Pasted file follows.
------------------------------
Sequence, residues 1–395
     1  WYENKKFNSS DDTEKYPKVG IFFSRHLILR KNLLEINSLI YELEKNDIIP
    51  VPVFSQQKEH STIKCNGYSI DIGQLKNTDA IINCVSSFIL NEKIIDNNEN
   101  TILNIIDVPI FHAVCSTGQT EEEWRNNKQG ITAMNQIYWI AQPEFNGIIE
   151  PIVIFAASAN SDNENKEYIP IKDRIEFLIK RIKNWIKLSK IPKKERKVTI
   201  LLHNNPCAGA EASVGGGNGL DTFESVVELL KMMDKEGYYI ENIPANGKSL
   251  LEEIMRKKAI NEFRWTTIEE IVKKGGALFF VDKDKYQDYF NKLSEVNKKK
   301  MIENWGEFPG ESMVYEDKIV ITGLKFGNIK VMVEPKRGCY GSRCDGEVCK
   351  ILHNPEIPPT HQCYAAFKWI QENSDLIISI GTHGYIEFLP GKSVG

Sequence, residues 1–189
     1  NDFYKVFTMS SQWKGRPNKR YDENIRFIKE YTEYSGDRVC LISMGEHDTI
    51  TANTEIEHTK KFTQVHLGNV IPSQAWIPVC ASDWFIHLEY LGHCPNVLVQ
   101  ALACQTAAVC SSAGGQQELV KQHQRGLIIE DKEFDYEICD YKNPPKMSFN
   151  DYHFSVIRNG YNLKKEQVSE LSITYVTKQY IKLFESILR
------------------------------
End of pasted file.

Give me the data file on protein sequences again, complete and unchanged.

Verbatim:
Sequence, residues 1–395
     1  WYENKKFNSS DDTEKYPKVG IFFSRHLILR KNLLEINSLI YELEKNDIIP
    51  VPVFSQQKEH STIKCNGYSI DIGQLKNTDA IINCVSSFIL NEKIIDNNEN
   101  TILNIIDVPI FHAVCSTGQT EEEWRNNKQG ITAMNQIYWI AQPEFNGIIE
   151  PIVIFAASAN SDNENKEYIP IKDRIEFLIK RIKNWIKLSK IPKKERKVTI
   201  LLHNNPCAGA EASVGGGNGL DTFESVVELL KMMDKEGYYI ENIPANGKSL
   251  LEEIMRKKAI NEFRWTTIEE IVKKGGALFF VDKDKYQDYF NKLSEVNKKK
   301  MIENWGEFPG ESMVYEDKIV ITGLKFGNIK VMVEPKRGCY GSRCDGEVCK
   351  ILHNPEIPPT HQCYAAFKWI QENSDLIISI GTHGYIEFLP GKSVG

Sequence, residues 1–189
     1  NDFYKVFTMS SQWKGRPNKR YDENIRFIKE YTEYSGDRVC LISMGEHDTI
    51  TANTEIEHTK KFTQVHLGNV IPSQAWIPVC ASDWFIHLEY LGHCPNVLVQ
   101  ALACQTAAVC SSAGGQQELV KQHQRGLIIE DKEFDYEICD YKNPPKMSFN
   151  DYHFSVIRNG YNLKKEQVSE LSITYVTKQY IKLFESILR